Mark Rowley, as anticipated, has been named the new commissioner of the Metropolitan Police, and the one thing everyone agrees about is that he’s got a big, difficult job to do. The familiar list of chilling scandals that have seen Londoners’ already sliding confidence in the service plummet can be summarised by a list of names: Everard, Port, Bibaa and Nicole, Charing Cross, Daniel Morgan, Child Q and on and on and on.
Where to start? The Met is a very big organisation, with nearly 34,000 warranted officers and nearly 10,000 other staff organised into four “business groups”. It needs a very big sorting out. The form of “special measures” it was placed under last month – for the first time in its history – was prompted not only by the sickening episodes above but by quite astonishing failures to fulfil the most basic tasks.
A letter from Her Majesty’s Inspector of Constabulary detailing the reasons for this close monitoring of the Met also described a dismal inability to properly handle emergency and non-emergency calls, an estimated 69,000 crimes a year going unrecorded, a huge backlog of online child abuse referrals and a failure to correctly record the grounds for stop-and-search in roughly one in four cases.
Rowley, a former chief constable of Surrey police who went on to head the Met’s counter terrorism operations before leaving policing in 2018, is an advocate of greater reliance on data and technology. Perhaps one priority for him should be ensuring that officers and staff have at least a basic level of competence in using it. He’s also seen by close observers as likely to place more emphasis on transparency and openness – an area in which his predecessor, Cressida Dick, fell short.
(As a journalist I would welcome clearer and more helpful communication. I’ve been writing for 15 years about the policy areas where London Mayors have had significant power and influence, and long ago gave up trying to get useful guidance or information from the Met’s media department).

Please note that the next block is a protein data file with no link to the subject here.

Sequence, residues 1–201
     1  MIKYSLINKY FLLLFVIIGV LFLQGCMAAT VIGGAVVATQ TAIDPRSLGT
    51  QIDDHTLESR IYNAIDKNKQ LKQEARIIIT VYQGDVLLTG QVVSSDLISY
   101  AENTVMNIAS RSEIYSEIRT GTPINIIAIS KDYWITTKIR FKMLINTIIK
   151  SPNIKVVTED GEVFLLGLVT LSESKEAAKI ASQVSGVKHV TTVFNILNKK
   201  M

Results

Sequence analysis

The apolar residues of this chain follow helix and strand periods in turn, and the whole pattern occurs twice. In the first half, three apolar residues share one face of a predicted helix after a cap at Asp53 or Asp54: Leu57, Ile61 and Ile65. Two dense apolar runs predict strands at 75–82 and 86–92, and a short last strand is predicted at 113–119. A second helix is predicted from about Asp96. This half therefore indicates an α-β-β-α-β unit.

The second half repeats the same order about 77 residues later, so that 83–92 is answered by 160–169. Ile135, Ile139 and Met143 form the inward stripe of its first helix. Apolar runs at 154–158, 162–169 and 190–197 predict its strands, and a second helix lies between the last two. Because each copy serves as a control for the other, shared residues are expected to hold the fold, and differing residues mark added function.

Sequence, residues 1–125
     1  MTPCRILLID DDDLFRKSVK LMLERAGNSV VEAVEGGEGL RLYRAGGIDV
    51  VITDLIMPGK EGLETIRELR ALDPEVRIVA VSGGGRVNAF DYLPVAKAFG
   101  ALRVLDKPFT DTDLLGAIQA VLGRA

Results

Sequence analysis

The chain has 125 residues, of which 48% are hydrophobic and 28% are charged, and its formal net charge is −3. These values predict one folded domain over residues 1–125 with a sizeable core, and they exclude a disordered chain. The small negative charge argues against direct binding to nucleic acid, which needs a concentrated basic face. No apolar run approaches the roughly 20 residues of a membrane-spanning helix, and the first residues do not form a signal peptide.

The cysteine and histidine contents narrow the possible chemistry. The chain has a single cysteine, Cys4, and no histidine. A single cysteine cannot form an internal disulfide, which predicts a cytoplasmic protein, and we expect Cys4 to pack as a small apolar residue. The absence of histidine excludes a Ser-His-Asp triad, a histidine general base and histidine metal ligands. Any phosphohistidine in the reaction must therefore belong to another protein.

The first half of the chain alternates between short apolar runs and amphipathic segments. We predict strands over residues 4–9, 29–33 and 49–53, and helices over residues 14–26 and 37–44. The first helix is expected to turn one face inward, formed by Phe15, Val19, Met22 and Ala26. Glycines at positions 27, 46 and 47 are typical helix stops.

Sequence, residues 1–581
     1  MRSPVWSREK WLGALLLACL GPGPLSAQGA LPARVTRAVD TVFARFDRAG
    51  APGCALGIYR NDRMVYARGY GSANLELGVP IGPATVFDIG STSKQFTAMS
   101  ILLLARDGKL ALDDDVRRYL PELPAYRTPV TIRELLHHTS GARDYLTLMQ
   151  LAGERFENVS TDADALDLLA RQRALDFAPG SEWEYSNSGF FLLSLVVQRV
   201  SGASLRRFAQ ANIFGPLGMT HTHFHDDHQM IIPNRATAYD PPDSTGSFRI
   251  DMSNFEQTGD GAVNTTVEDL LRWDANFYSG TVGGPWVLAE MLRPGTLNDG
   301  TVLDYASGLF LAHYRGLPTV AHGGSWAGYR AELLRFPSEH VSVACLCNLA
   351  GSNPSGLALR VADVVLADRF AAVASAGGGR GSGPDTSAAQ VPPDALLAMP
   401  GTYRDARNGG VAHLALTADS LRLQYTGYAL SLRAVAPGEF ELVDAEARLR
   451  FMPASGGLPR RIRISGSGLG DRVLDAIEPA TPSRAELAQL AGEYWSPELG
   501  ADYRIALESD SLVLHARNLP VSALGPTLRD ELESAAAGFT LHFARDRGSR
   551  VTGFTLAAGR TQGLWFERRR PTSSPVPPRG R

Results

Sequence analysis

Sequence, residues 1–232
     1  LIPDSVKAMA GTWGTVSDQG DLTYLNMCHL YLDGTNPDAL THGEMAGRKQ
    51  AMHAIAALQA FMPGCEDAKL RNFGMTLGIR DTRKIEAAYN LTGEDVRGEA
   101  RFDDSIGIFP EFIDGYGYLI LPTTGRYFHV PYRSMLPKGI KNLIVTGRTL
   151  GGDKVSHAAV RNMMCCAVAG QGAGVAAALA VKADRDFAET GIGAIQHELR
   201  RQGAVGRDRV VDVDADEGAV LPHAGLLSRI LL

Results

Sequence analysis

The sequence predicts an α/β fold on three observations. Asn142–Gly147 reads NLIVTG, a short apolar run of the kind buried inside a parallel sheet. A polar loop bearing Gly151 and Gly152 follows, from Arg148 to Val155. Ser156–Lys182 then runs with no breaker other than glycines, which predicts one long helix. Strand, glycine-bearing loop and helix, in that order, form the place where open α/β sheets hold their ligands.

Danny Shaw, the former BBC home affairs correspondent, expects a shake-up the Met’s top team and says Rowley isn’t someone who will “shirk tough or unpopular decisions”. Let’s hope he’s right.
On getting the job, Rowley himself defined his mission as leading “the renewal of policing by consent which has been so heavily dented in recent years as trust and confidence have fallen” and pledged to deliver “more trust, less crime and high standards for London and beyond” and to “work with London’s diverse communities”.
Those comments are in line with what Sadiq Khan asked for in his major speech about crime and policing at City Hall last month, as might be expected given that Rowley is now directly accountable to the Mayor’s Office for Policing and Crime. Khan has welcomed Rowley’s appointment, saying that his four years away from policing means he brings with him a valuable “outside perspective”.
The outside perspective of very many Londoners is that too many Met officers lie somewhere on a spectrum between clueless and sinister. From a personal point of view I’ve pretty much stopped bothering with the non-emergency 101 number and have lately reached a stage where I would think twice about letting a Met cop into my house, for fear that he or she was one of those with a head full of nasty attitudes – and I’m not a member of a London community likely to be most suspicious of our city’s police.
So good luck to Mark Rowley as he embarks on turning the rusty, sometimes creepy and too often incompetent Met tanker around. He’s going to need all he can get.
Image from BBC Breakfast News.
On London strives to provide more of the kind of journalism the capital city needs. Become a supporter for £5 a month or £50 a year and receive an action-packed weekly newsletter and free entry to online events. Details here.